IKEA Group Acquires TaskRabbit, Inc.

Details around the deal were not released, but per TechCrunch, TaskRabbit had raised $38 million from such investors as Founders Fund, First Round, Floodgate, etc. This seems like a match made in heaven as the arduous task of following Ikea assembly instructions has left many customers dumbfounded, as after piecing furniture together the inevitable question is, “hey, why do we have all of these pieces left?”

Rocky Mountain High…Is Low

The Denver area has the lowest unemployment rate when compared to other U.S. metro areas. Per the U.S. Bureau of Labor Statistics, Denver has the lowest rate at 2.2% and the Cleveland-Elyria area in Ohio has the highest at 6.8%.

Unemployment Insurance Claims on the Rise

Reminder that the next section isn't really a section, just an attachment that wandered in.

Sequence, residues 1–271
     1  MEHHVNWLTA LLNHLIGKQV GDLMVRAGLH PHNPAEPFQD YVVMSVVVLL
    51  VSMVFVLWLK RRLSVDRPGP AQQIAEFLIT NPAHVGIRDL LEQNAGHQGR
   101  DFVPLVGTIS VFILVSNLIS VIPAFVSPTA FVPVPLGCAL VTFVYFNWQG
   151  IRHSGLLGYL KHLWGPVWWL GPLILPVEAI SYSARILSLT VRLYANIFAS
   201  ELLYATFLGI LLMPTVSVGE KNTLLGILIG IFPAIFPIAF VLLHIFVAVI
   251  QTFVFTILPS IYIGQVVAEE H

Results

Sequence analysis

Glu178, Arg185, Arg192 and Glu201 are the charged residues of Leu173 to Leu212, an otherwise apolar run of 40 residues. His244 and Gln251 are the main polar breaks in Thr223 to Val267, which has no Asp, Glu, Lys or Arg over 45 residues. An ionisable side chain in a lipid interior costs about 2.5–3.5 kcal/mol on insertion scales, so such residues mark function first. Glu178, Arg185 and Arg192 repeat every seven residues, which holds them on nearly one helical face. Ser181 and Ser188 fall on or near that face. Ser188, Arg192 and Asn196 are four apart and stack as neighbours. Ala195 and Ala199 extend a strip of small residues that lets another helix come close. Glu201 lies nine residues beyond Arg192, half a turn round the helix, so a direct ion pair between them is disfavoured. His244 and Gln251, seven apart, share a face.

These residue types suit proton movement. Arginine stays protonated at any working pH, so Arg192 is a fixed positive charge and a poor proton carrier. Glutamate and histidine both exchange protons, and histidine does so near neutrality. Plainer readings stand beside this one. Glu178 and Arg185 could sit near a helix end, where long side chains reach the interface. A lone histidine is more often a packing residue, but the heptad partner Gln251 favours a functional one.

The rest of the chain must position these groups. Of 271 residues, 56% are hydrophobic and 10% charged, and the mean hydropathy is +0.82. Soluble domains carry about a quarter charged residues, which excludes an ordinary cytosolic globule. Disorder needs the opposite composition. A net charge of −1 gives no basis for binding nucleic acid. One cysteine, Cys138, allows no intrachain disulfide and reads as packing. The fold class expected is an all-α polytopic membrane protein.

Up 9,000 from last week, the U.S. four-week moving average of initial claims for unemployment insurance is at 277,750. The U.S. Department of Labor also reports that this is the highest level for this average since February 6, 2016 when it was 277, 750. Per Reuters, we are seeing these changes in part due to Hurricanes Harvey and Irma. Reuters economists had predicted the increase to reach 270,000.

By |2017-09-29T03:21:16+00:00September 29th, 2017|Categories: Talent Acquisition Trends|Comments Off on By the Numbers: Friday, September 29, 2017

About the Author:

Erin Geiger is a seasoned Content, Editorial, and Product Engagement professional with two decades of experience creating content as well as overall content direction and strategy. Her background stems from a variety of online verticals ranging from start-ups to Fortune 500 corporations.